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It doesn't make sense to me that after authorising myself by logging in, I then have to separately authorise myself to sudo, potentially typing the password twice. This has all come to a head recently when I have been logging in from my android phone where it takes 10 or 15 seconds to type the password in on the touchscreen instead of 2 seconds on my keyboard!

So I would ideally like to configure sudo such that after authorising myself (whether via a console login, an ssh password login or an ssh key login) sudo is unlocked for 15 minutes, as if I had typed a password for the sudo command.

So this would maintain the security benefits of automatically locking sudo if I left a console open, but giving some convenience.

I suppose the disadvantages are that I unlock sudo on every login regardless of whether I want to use sudo, and allowing sudo for ssh key logins could allow someone who compromised a private key to use sudo despite not knowing the password, which would I suppose delegate the security of the machine to the security of the private key. So a loss of a private key would transfer from a remote access vulnerability to a remote root access vulnerability...

But still, it would be quite convenient!

share|improve this question
If you need to sudo every time you login, you're doing something wrong. sudo should be kept to computer maintenance tasks, not to daily work / home tasks... – Tom Wijsman Aug 12 '12 at 14:36
@TomWijsman what if the machine he is logging into is a server that he doesn't use, but only maintains administrates. E.g, when I was a unix admin I administered many of my customers servers. I never visited the websites or used anything on these servers. I only administered them. – Justin Dearing Aug 12 '12 at 14:41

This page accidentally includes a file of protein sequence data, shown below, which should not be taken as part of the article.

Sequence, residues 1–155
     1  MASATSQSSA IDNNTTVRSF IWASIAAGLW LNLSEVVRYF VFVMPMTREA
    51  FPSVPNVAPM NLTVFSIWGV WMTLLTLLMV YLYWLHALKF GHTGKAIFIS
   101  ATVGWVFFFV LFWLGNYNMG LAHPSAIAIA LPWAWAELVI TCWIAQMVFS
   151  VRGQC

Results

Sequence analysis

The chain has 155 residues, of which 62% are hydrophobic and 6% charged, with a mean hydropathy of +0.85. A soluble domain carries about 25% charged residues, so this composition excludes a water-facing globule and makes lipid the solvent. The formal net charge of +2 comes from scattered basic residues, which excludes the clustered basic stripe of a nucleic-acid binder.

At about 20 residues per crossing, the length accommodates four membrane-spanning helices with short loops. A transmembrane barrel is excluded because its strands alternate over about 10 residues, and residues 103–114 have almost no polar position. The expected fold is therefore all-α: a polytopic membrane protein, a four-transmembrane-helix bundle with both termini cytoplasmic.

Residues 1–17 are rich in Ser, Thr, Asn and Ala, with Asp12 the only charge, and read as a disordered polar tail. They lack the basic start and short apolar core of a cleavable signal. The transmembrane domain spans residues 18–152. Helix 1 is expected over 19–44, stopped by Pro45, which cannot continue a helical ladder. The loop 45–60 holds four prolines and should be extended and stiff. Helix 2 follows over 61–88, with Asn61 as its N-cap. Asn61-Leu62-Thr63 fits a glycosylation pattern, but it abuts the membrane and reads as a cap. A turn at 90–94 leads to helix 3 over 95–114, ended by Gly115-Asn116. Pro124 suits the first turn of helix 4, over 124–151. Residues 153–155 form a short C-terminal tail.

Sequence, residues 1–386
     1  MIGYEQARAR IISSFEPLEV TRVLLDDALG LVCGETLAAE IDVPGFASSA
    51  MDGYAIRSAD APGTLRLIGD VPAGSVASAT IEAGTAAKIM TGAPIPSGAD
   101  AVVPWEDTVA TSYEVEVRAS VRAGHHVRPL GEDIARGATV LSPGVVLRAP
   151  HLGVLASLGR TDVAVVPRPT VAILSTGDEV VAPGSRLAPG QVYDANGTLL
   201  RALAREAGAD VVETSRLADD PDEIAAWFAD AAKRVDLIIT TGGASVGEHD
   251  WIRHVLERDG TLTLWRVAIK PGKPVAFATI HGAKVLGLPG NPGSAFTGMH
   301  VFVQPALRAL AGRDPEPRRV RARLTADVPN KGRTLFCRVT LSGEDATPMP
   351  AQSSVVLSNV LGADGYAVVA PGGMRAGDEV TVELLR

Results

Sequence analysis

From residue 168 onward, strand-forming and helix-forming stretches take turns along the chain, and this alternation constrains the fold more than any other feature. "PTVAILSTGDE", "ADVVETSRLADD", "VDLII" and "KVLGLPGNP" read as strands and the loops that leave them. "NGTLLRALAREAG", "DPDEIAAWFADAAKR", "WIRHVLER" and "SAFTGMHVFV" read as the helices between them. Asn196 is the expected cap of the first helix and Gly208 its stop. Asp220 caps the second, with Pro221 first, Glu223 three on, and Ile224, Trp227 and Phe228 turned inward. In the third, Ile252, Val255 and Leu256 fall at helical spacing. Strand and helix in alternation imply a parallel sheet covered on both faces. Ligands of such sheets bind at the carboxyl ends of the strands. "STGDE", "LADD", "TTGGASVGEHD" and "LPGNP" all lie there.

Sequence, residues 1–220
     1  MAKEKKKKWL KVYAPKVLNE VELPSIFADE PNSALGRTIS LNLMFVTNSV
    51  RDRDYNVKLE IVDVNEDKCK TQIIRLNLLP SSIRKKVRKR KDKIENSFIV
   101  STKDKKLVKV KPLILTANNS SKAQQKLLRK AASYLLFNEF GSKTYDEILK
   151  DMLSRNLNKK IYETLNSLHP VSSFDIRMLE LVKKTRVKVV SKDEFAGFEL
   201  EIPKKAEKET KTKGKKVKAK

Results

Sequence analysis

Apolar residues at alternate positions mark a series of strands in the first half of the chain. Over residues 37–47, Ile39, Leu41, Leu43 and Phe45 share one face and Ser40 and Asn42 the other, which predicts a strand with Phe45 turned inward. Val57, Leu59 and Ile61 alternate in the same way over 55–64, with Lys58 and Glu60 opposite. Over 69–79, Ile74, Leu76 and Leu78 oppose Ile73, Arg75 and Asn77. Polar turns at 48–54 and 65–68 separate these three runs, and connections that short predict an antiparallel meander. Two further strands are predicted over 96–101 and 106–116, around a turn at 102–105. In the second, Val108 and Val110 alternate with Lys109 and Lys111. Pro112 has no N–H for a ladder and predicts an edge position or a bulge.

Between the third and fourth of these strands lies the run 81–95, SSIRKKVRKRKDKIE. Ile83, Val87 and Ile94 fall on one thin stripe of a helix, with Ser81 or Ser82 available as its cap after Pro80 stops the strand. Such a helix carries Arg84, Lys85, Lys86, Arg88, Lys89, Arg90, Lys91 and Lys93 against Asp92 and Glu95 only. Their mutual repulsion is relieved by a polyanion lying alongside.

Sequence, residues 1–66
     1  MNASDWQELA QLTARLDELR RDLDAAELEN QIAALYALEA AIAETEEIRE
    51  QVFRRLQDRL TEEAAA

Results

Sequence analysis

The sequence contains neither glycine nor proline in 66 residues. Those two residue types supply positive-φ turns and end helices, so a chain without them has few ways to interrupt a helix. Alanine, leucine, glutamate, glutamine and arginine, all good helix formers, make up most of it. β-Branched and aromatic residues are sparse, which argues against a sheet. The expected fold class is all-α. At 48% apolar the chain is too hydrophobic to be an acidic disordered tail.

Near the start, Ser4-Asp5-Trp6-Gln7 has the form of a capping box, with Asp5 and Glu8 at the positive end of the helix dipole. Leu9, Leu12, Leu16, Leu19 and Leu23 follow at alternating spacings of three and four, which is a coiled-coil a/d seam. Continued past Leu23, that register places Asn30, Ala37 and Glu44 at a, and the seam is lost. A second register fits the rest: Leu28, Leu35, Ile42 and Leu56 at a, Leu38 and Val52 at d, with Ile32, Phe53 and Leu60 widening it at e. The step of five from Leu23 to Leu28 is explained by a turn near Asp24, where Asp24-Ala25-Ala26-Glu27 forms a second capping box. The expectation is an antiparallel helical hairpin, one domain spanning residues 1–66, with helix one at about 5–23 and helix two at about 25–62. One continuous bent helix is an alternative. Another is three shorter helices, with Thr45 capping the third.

@JustinDearing: In that case sudo would be pointless and he would login as an account he doesn't have to run sudo with. Use the right account / privileges / security / tools for the right job... – Tom Wijsman Aug 12 '12 at 15:02
@Tom Wijsman: allowing remote root logins is considered harmful by some. – frankster Sep 20 '13 at 14:08

Could be done by having pam_exec run a command that creates the necessary timestamps in /var/lib/sudo.

Append the following to /etc/pam.d/sshd and/or /etc/pam.d/login (but not common-session or anything like that):

session optional /usr/lib/sudo-auth

The script could be:


# Depends on your distro. May be /var/db/sudo, /var/spool/sudo, etc.

if [ "$PAM_USER" ]; then
    if [ "$PAM_TYPE" = open_session ]; then
        mkdir -p "$dir" && touch "$dir"
    echo "Must be run from PAM." >&2

Requires the tty_tickets option to be disabled in sudoers, due to the way SSH (and opensshd in particular) work with ttys.

This could be modified to only authenticate specified remote hosts, either by putting pam_access above pam_exec in the PAM stack, or by just comparing $PAM_RHOST in the script. (Such checks wouldn't work with mobile clients, however.)

share|improve this answer
What about the 15 minutes? – Tom Wijsman Aug 12 '12 at 14:34
@TomWijsman The standard timeout set in sudoers applies. – grawity Aug 12 '12 at 14:42



Number of minutes that can elapse before sudo will ask for a passwd
again. The default is 5. Set this to 0 to always prompt for a
password. If set to a value less than 0 the user's timestamp will
never expire. This can be used to allow users to create or delete
their own timestamps via sudo -v and sudo -k respectively.

Edit the file:

sudo visudo

To the defaults line, add :


So it looks simular to this :

# /etc/sudoers
# This file MUST be edited with the 'visudo' command as root.
# See the man page for details on how to write a sudoers file.

Defaults env_reset,timestamp_timeout=15 
share|improve this answer
the length of the sudo timeout wasn't really the point of the question but thanks for answering :P – frankster Sep 20 '13 at 14:08

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